Struggling Canadian cannabis retailer Choom Holdings and its subsidiaries received an order for creditor protection from the Supreme Court of British Columbia.
In a court filing, Choom said its business suffered from the emergency lockdown measures governments across Canada enacted to combat the spread of COVID-19.
Choom also said its sales decreased over the past year as a result of competition in the retail sector as well as “the loss leading priced retailers in Alberta.”
As of Dec. 31, 2021, liabilities totaled 22.4 million Canadian dollars ($17.8 million).
The court filing said more than half the company’s leased retail stores generated costs higher than revenues. Three locations had closed in Alberta in March 2020 as a result of the COVID-19 pandemic and were never reopened.
As of March 1, 2022, Choom had 12 stores in operation in Alberta, two in British Columbia and three in Ontario, with licenses in hand or pending for another six outlets.
Choom reported a net loss of CA$5.8 million for its quarter ended Dec. 31, 2021, on sales of CA$4.2 million.
According to a news release, Choom and its subsidiaries are seeking creditor protection to conduct a sale and investment solicitation process (SISP) and facilitate a transaction allowing them to address their liquidity issues and stabilize operations.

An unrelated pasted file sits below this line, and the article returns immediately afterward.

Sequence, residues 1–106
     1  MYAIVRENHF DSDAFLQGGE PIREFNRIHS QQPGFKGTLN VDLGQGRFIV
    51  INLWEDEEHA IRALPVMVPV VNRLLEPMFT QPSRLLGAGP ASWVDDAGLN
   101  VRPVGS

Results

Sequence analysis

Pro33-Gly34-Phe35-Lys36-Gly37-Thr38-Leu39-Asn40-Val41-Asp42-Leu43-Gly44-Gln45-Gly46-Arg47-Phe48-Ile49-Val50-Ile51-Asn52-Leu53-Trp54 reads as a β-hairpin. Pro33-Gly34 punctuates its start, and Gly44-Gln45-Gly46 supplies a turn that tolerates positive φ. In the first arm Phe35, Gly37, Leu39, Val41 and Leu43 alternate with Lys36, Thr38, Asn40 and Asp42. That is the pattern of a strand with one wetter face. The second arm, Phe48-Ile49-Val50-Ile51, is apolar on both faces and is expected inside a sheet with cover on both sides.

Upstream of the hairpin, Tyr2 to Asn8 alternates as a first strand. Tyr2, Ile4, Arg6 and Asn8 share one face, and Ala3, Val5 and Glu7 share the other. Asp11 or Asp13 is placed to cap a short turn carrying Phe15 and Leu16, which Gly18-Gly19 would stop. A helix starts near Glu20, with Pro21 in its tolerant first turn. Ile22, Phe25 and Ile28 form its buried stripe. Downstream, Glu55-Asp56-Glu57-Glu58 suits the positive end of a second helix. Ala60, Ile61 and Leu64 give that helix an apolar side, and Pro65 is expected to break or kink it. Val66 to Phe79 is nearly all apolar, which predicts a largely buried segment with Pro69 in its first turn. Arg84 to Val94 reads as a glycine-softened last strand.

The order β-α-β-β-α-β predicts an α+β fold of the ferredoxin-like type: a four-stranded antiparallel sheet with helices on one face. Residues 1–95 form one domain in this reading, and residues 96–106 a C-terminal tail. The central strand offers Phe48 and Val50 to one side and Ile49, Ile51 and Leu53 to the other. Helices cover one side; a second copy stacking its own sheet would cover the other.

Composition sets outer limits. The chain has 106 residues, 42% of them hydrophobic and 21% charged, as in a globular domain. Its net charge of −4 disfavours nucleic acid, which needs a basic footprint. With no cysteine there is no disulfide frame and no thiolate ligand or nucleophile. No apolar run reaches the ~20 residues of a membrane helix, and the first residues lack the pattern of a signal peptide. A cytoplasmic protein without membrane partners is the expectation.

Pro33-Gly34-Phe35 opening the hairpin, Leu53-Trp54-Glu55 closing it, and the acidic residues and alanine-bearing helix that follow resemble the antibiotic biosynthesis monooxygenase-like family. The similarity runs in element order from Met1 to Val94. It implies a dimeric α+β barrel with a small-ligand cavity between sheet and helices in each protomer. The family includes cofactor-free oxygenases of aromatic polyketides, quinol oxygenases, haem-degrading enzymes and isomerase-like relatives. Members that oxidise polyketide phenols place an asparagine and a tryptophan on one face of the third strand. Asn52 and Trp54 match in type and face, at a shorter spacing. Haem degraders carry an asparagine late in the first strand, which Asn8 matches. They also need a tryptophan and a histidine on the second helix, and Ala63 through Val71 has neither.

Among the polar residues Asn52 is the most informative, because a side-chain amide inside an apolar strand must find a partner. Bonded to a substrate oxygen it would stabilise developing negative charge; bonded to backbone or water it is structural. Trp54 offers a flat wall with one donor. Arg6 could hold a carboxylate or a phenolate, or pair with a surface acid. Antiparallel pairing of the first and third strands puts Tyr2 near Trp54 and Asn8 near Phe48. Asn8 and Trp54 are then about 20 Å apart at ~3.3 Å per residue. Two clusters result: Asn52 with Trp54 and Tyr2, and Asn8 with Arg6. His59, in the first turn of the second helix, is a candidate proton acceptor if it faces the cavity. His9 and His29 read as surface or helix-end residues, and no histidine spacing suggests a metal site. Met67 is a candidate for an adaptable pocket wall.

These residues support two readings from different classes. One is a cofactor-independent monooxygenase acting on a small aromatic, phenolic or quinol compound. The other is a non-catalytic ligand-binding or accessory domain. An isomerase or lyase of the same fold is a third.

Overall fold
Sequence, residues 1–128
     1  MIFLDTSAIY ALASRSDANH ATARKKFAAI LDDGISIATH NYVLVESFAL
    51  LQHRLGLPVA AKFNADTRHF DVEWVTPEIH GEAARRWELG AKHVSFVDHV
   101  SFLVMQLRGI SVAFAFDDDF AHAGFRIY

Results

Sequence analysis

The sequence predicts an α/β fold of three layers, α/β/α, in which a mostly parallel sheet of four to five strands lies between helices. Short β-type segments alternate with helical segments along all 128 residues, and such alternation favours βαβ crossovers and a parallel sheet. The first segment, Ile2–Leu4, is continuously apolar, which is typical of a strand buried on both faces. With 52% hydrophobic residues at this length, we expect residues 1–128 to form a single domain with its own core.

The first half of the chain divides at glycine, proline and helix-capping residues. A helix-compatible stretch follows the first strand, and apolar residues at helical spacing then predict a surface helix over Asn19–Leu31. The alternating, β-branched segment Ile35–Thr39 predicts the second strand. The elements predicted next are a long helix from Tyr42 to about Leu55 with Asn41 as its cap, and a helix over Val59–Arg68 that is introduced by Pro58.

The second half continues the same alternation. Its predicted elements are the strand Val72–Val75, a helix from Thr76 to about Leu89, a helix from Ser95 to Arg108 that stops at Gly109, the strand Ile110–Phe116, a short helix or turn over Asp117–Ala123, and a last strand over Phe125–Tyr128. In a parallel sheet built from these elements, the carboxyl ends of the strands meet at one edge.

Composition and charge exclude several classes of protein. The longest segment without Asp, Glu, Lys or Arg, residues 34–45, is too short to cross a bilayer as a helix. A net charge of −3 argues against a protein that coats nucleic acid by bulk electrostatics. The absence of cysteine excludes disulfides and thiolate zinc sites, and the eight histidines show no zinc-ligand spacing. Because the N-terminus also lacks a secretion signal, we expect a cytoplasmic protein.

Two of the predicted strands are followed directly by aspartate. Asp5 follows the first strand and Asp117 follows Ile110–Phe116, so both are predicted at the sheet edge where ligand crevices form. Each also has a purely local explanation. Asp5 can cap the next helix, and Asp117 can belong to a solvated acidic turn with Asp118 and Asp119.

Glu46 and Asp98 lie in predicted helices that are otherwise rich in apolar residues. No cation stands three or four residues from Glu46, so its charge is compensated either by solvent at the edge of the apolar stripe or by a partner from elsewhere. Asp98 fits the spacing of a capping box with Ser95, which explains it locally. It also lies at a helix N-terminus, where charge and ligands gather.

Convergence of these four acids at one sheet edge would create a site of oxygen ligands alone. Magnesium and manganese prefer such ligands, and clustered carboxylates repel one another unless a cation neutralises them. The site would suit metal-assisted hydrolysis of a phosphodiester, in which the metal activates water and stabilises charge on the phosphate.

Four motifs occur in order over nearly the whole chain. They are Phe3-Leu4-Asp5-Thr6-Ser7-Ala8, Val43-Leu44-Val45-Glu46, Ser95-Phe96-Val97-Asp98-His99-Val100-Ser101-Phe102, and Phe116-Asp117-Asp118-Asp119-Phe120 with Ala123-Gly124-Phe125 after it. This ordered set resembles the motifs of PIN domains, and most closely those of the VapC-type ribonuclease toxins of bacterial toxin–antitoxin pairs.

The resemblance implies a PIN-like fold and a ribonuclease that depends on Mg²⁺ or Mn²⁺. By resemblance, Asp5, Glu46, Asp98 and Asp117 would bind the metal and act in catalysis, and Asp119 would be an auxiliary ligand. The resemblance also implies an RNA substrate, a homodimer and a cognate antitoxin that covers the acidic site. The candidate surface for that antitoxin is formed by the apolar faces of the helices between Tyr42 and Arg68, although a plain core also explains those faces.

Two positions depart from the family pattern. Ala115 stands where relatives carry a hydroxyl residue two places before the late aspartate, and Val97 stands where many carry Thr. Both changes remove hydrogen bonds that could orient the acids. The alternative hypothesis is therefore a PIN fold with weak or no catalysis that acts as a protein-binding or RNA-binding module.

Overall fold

Choom intends to operate its business throughout the Companies’ Creditors Arrangement Act (CCAA) proceedings and while conducting the SISP.
As part of the court order, Choom and its subsidiaries were authorized to enter into an interim financing term sheet with Aurora Cannabis, which agreed to advance $800,000 to fund Choom’s ongoing operations and CCAA proceedings.
Choom has a CA$6 million secured debt owing to Aurora.
On July 8, 2021, Choom completed a debt restructuring in which Aurora agreed to extinguish the principal of CA$20 million and interest accrued worth approximately CA$2.2 million.
In return, Choom issued to Aurora a convertible debenture worth CA$6 million and maturing Dec. 23, 2024.
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Among other things, the debt restructuring agreement entitled Aurora to a “restructuring fee” equal to 1.25% of Choom’s net retail revenue.
The CCAA protection expires May 2, when an extension of the CCAA protection will be sought.
Ernst & Young has been appointed monitor.